Until the Lions (Roundhouse)

The power of an angry woman is at the heart of Akram Khan’s intense exploration of revenge and rebirth

Gender fluidity is a hot topic at the moment, but the Danish Girls and Caitlyn Jenners we're hearing so much about now are left trailing far behind in the wake of Amba, the gender-shifting heroine of Until the Lions.

Amba is a King's daughter who flips between the sexes to become Shikhandi, who is then given a male form by a forest spirit. She needs the flexibility in order to wreak revenge on Bheeshma, the celibate warrior who kidnaps her and then leaves her high and dry by refusing to marry her, and putting her in a position where no one else will either.

A woman scorned Amba may be, but her tenacity in seeking out and destroying Bheeshma through rebirth demonstrates a single-minded and powerful nature, and it's the stories of women – so often unsung – that writer Karthika Nair developed when writing her poems based on the ancient Sanskrit epic, the Mahabharata.

Those poems have been used by Akram Khan and his company to form an intriguing piece performed in the round – a first for Khan, though his 360-degree work for the Olympic opening ceremony in 2012 was some preparation.

He admits to feeling old in the present company, though his presence and fire as the strutting, aloof Bheeshma still make him a mesmerising performer in an unsympathetic role. Ching-Ying Chien is stunning as Amba, her beauty and fluidity backed by an extraordinary technique. She uses her hair like a fifth limb, and has the most flexible feet I've seen since Sylvie Guillem.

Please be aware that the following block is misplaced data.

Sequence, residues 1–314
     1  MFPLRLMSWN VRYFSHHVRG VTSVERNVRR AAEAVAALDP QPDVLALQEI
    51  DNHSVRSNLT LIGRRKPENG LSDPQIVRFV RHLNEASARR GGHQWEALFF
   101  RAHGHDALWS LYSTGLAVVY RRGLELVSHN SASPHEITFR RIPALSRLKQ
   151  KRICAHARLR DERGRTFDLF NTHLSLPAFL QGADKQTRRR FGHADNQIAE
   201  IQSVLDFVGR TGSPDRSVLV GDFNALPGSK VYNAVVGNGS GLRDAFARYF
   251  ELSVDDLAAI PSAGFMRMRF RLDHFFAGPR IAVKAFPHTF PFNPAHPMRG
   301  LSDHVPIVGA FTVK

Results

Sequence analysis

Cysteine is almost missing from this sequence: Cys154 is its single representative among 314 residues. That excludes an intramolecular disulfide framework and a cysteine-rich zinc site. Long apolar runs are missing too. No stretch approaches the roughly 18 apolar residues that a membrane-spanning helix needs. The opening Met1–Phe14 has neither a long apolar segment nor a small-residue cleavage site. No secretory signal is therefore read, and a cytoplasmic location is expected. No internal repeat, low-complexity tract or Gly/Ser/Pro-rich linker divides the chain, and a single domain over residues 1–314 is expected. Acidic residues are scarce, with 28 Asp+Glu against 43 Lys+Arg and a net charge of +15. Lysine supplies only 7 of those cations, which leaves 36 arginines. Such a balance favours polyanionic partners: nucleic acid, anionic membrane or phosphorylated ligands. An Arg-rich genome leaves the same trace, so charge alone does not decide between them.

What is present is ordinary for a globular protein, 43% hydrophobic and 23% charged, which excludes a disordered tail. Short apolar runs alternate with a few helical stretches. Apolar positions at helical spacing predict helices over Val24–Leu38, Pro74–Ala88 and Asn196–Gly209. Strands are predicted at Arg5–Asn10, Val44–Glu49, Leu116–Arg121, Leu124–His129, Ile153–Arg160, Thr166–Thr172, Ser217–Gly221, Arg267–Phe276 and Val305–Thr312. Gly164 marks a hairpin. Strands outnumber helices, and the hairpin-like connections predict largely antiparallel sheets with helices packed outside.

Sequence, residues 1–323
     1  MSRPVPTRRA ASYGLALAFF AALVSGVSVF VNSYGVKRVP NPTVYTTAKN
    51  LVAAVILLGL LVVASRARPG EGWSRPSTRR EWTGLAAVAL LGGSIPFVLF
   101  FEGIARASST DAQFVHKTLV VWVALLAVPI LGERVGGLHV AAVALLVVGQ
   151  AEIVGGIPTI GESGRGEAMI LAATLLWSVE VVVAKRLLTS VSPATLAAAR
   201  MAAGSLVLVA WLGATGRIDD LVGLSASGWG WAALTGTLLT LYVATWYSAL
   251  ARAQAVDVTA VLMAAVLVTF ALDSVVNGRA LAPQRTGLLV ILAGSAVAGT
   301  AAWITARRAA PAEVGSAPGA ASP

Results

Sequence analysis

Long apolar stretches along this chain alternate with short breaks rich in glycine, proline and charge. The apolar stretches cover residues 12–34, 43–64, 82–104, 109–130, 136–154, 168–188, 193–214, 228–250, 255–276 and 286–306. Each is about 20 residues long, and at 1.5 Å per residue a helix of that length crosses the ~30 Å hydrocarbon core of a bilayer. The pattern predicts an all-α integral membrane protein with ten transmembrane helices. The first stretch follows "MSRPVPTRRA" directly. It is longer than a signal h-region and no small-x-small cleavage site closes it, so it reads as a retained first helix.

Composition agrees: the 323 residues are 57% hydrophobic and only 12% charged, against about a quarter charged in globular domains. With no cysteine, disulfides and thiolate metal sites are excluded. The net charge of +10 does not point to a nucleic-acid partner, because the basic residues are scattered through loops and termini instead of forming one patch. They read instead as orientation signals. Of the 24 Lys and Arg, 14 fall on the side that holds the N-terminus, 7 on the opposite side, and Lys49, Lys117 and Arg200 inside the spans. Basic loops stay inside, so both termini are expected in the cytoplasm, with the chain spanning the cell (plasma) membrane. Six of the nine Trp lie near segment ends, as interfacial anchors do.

Androgynous Christine Joy Ritter circles the stage with a restless, hungry grace as a controlled and fearless Shikhandi, and together she and Amba unite to confront their foe in a fiery battlefield finale.

The live, percussion-led music that drives the choreography is composed by Vincenzo Lamagna, and singer David Azurza's voice has an unearthly beauty that is complemented by Sohini Alam's traditional songs.

Visual Designer Tim Yip's striking set is perfect for the round space – a huge, sliced tree trunk with its concentric rings suggesting the passing of years across more than one lifetime.

The piece begins rather ponderously and its narrative is sketchy, though given the convoluted complexities of the original, it's not surprising that the story arc is not made entirely clear through dance alone. But even if you know nothing of the Mahabharata, the basic premise of revenge shines through, and the pain of rejection felt by Amba in her duet with Bheeshma is one of the highlights of Khan's choreography.

His professional career began when he was cast, aged 13, in Peter Brook's staging of the Mahabharata, and he has clearly relished this opportunity to dance at least part of the story once again.

Akram Khan – Until the Lions runs at the Roundhouse until 24 January.